Cancers hurt, starve themselves to trick immune system, new study finds

To avoid the immune system, melanoma breaks down the amino acid tryptophan, stopping cells from properly functioning, but the cancer cells are able to do so despite lacking tryptophan themselves.

Nano-vaccine enhances the sensitivity of melanoma to immunotherapy to destroy cancer (photo credit: MAAYAN HAREL)
Nano-vaccine enhances the sensitivity of melanoma to immunotherapy to destroy cancer
(photo credit: MAAYAN HAREL)
In their efforts to survive and keep the immune system at bay, cancers in the human body have been observed to starve themselves in order to stop immune cells from functioning, according to a new study from the Weizmann Institute of Technology.
Oncologists for decades have struggled with finding new methods for combating the progression of cancer, but many strains like the skin cancer melanoma are particularly difficult, as they have several means of keeping the immune system at bay.
While existing immunotherapies for the cancer work by removing obstacles that keep T cells, a type of immune cell that identify and remember threats as well as eliminate them, from finding and killing tumors. However, melanoma often persists, and overcame trials for a blocker for IDO1 (an enzyme released by cancer cells to suppress the immune system by breaking down an essential amino acid called tryptophan), suggesting more research was needed into understanding how the cells work.
But the research team including the group of Prof. Yardena Samuels of Weizmann’s Molecular Cell Biology Department, members of the lab of Prof. Reuven Agami of the Netherlands Cancer Institute; Dr. Noam Stern-Ginossar of the Weizmann Institute’s Molecular Genetics Department; Dr. Yishai Levin and his group at the Nancy and Stephen Grand Israel National Center for Personalized Medicine on the Institute campus; and the group of Prof. Johanna Olweus of the University of Oslo – investigated, and observed a strange quirk of melanoma cells that differ them from normal cells.
In normal cells, when tryptophan is missing, the protein-making process gets stuck, with ribosomes who help with the process stopping to work and piling up in the mRNA. Essentially, the cells stop working properly. But confusingly, in breaking down tryptophan, the cancer cells themselves are being deprived of the same amino acid. And yet, they still function without it, with the ribosomes still managing to go through.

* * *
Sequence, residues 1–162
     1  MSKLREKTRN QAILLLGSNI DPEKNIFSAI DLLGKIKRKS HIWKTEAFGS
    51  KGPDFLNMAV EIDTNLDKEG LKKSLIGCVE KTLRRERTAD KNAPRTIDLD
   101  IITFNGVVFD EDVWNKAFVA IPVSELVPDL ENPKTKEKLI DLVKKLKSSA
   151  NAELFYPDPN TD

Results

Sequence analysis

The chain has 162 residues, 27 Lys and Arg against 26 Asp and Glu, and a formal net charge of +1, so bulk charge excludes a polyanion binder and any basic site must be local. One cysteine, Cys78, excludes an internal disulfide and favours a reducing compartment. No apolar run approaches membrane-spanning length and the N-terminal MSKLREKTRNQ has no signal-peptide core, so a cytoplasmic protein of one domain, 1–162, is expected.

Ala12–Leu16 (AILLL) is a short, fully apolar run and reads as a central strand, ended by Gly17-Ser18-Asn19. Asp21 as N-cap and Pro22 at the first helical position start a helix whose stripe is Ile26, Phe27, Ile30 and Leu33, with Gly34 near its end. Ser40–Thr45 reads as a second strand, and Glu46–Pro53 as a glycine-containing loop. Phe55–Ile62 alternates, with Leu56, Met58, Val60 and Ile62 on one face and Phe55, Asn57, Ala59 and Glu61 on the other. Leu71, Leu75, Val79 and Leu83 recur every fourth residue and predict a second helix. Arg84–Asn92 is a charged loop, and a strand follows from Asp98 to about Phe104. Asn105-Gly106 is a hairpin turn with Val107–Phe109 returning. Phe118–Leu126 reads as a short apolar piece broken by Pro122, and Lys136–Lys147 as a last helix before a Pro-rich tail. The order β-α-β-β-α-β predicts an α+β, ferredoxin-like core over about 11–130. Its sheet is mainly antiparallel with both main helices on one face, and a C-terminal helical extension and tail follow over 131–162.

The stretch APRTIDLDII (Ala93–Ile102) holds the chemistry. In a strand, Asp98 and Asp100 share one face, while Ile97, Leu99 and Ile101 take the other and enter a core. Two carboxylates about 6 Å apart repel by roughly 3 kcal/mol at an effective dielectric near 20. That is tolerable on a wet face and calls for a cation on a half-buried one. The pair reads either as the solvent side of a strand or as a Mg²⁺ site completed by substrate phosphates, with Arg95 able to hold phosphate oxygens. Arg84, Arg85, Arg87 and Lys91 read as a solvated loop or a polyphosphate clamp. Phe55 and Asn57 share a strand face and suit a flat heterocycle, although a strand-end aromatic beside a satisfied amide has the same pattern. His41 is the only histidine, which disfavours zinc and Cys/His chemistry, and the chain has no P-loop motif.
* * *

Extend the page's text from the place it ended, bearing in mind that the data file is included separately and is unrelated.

And now, scientists have solved the mystery. It was discovered that melanoma ribosomes do what is known as "frameshifting," moving up or down the RNA strand and essentially disguising as a different amino acid. The result of this shifting means that the proteins subsequently developed were abnormal.
This is a process observed before, but only in bacteria and viruses. Because they do not arise from genetic mutations, but instead more of a calculated and intentional glitching of the process, studies had previously missed observing this process.
“When things get stressful in the tumor’s microenvironment, it can affect protein production, harming immune cells but also adding to the immune cells’ clues for identifying cancer,” Dr. Osnat Bartok, one of the researchers in Samuels' group, said in a statement.
It remains unclear if this is a feature exclusive to melanoma, and Agami's lab is now investigating if it manifests in other cancers.
But in addition to solving a mystery in the functions of melanoma, it can also pave the way to major breakthroughs in cancer treatment.
“These findings add to our knowledge of immune system interactions with cancer as well as the landscape immune cells encounter in a tumor," Samuels explained.
"They suggest exciting ways we might regulate and therapeutically target the presentation of defective immune-reactive peptides on the cell surface.”